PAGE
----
A horror, all told. But at least he wouldn’t add the burden of being a duke to that life. Chapter 1 A raucous gaming hell in a ghastly part of town London 1872 “I get into a brawl every time I come here,” Sebastian Fitzgerald Tremont, fifth Duke of Ashcroft, muttered against the embroidered handkerchief he held to his jaw. A jaw that had taken a solid clip after he’d stepped between an inebriated baron and an earl’s second son who’d made the mistake of sleeping with the baron’s rather voracious wife. Two overturned faro tables and six broken glasses later, he and his friends tossed the baron and second son into the Blue Moon’s dank alley, closed the establishment and retreated to the private salon. “I should have stayed home. Or better yet, stayed in Oxfordshire,” Julian Alexander, Viscount Beauchamp, grumbled from his sprawl on the settee. His shirt was ripped, the sleeve hanging at an awkward tilt off his shoulder. His cravat had been used to mop up brandy, his coat lost somewhere in the shuffle. His supernatural gift of touching objects and seeing images connected to them often left him dazed, and he wore a familiar, fatigued expression.

“Aside from the five of us coming to blows in your hell, Finn, what’s this about? I’m missing time with my wife and children for this stimulating gathering. Too, did you douse the lamp outside? We’ll have men beating on your door all night if they think there’s still gaming going on.” “I turned it down. This isn’t Crockfords.” Finn Alexander, Julian’s half-brother, and arguably, the most handsome man in England, removed a bloodied compress from his knuckles and wiggled his fingers with a grimace. “Don’t be fooled, gentleman. His Grace loves to brawl. In fact, he comes here for the danger. I’ve read his mind enough times to count this as fact. The ducal contingent guarding the front and back entrances could’ve taken care of this little tiff in seconds.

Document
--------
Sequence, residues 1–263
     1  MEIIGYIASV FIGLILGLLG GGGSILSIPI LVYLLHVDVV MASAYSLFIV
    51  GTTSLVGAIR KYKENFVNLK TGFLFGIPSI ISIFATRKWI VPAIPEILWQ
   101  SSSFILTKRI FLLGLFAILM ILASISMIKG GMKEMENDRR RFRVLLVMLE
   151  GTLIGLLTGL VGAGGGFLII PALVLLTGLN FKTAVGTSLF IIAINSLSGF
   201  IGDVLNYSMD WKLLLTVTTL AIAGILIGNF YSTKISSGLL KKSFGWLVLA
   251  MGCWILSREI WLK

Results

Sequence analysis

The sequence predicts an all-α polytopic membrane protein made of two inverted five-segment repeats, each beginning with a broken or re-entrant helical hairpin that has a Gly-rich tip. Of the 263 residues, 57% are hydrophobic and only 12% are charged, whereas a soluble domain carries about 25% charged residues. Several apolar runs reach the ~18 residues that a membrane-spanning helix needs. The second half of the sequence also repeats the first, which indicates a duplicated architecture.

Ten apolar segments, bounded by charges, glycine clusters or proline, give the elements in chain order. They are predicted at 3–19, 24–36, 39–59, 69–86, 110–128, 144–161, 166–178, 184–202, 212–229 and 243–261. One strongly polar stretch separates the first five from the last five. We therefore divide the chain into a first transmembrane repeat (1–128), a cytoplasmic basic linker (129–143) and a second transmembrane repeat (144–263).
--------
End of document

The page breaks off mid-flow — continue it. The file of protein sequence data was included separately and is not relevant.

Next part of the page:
He didn’t engage them for a reason.” “And that is?” Sebastian asked, though he’d rather not. When Finn was right, and they all knew it. “I’m simply letting you have your fun. Running you like I would a prized stallion. As a friend, as a neighbor.” Sebastian peered at his face in the grimy window before him and flexed his jaw with a pop. He’d recently purchased a ramshackle castle in Oxfordshire next to Finn’s—mere miles from Julian’s—when he needed another property like he needed a proverbial hole in the head. But this one, Adey Castle, was his and his alone. No bitter memories of growing up under a brutal hand to taint his love of the place; no ghosts, except the usual kind, waiting to spring at him from every dark corner.

It was true. He and Finn were neighbors. And friends. Sebastian smiled but kept it between himself and the leaded glass, the marvel of having friends still a wonder. Puzzling, this feeling of contentment, because he was surrounded, as most titled men were, by people. The higher the title, the larger the crowd. Former soldiers from his regiment. Women of varying levels of availability and consequence. Sycophants, servants, solicitors, tenants, beneficiaries. But never friends.

He shook his head and swiped his thumb over his battered bottom lip. Nay, the four men in this room were more than that. They were brothers. The only ones who understood who he was, what he was. They accepted him without question because they were, except for Humphrey, the gentle giant who played anxious papa to them all and now sat brooding in a gloomy corner of the salon, similarly cursed with a mystical gift they neither wanted nor could completely control. Julian had created a League of Lords for this very reason, to bring together the mystical misfits. Sebastian had happily joined the underground organization, for those locked in a supernatural world, the moment he’d been invited. Still, even with his modest satisfaction of late, a victory in a life filled with chaos, Sebastian realized he was lonely—an ache he couldn’t soothe. Persistent and resounding as a bell ringing through his soul. With a sigh, he palmed his chest to contain it.